Intentional misdirection happens when product developers and designers try to guide users to an option. This pattern is specially created to boost the business value of the company. This type of pattern is the trickiest and hardest to work around since it actually “proposes” customers the probability rather than sneaking it into their checkout basket.

Confusion is normal when it comes to unsubscribing from unwanted messages or email. The customers may experience considerable difficulties in trying to find the “cancel subscription”, because of the pre-highlighted “keep my subscription” button. These buttons keep on nudging the customers to pay for the current selection. This can even result in quick dismiss of visitors who are trying to buy last-minute products.

4. Disguised Ads

Disguised Ads

This one is quite crystal-clear; these are known as self-explanatory as they look like content or navigation tabs. Ads are commonly situated at specific places on the page, and customers only need a microsecond to isolate themselves from the regular content. These promotional ads are designed to look like regular content or navigation tabs in order to entice the customers to click on them.

There are numerous product download sites or eCommerce shopping websites that contain advertisements that look like call-to-action buttons to download software. These buttons almost use the same font and the dark blue color as for the real download buttons. Subsequently, clicking on the button accidentally isn’t a daunting task for the users.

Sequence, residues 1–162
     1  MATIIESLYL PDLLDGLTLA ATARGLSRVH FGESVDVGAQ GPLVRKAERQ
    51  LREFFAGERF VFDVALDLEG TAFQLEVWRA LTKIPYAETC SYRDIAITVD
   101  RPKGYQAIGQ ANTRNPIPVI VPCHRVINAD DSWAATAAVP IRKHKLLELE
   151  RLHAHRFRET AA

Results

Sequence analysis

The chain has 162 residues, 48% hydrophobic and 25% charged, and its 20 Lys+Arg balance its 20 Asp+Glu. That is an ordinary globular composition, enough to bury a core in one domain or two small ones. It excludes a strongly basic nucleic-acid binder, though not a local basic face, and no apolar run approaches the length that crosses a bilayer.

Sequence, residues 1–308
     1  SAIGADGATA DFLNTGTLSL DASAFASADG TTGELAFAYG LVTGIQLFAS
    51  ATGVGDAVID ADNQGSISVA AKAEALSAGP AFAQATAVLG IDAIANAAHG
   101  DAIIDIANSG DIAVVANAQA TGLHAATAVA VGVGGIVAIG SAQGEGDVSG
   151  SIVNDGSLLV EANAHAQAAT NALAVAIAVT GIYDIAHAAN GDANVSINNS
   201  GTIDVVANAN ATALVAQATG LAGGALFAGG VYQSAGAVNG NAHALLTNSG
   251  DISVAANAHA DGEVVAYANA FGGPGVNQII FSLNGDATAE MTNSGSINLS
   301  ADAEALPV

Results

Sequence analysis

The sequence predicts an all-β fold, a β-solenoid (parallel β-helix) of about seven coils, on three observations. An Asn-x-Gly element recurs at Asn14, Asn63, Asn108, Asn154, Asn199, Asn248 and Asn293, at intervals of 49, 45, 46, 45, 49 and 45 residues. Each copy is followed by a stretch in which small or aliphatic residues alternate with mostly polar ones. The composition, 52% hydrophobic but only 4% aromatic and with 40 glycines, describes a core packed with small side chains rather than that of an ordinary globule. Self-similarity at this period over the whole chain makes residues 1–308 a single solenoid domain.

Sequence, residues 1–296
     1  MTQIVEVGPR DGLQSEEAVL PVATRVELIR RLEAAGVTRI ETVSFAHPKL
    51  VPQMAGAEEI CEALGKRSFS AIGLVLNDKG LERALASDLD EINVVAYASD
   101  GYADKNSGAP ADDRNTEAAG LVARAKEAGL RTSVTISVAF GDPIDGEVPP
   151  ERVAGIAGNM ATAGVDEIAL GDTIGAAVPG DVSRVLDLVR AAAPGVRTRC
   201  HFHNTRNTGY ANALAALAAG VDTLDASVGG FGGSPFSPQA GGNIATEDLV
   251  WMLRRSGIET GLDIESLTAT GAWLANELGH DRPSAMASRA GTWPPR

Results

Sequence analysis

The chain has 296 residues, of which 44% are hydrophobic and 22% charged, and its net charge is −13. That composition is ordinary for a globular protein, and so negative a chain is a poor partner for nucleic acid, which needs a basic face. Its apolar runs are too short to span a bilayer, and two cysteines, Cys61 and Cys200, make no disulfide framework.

5. Trick Questions

Trick Questions

Have you ever tapped on any red or green button shown on a website or an app? If visitors often click on a certain button thinking that it means to “proceed” or “exit” but you use it for other purposes, then that’s a dark pattern. When the UI throws up a query which has to be answered but is worded in a way that the user will most obviously pick the wrong answer, then that’s a Trick Question.

Commonly, these questions arise as a pop up when users are registering onto some service or trying to download something. A series of checkboxes are shown, which are tweaked or worded in a way that choosing a checkbox means “quit” while leaving it empty means “opt-in”. The tricky question pattern is based on the concept of using difficult language such as double negative language in questions in order to trap the reader. As a result, it becomes difficult for users to understand the question.

Conclusion

To conclude, dark pattern designs in UX are everywhere! If you see them on any of your website or mobile app design, it’s an ideal opportunity to redesign the website or the app right now. We bet that once you read this article, you’ll start recognizing the benefits of a good UX design in building customer loyalty, trust, and eventually a large customer base.

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Dheeraj Khindri

About the Author

Dheeraj Khindri is currently working as a Senior UX Analyst with Net Solutions. He started out as a Business Analyst and moved onto User Experience (UX) Design due to his bent towards interactive prototyping. Besides work, Dheeraj enjoys pragmatism in poetry, writing for social causes, exploring the connections between world politics and literature.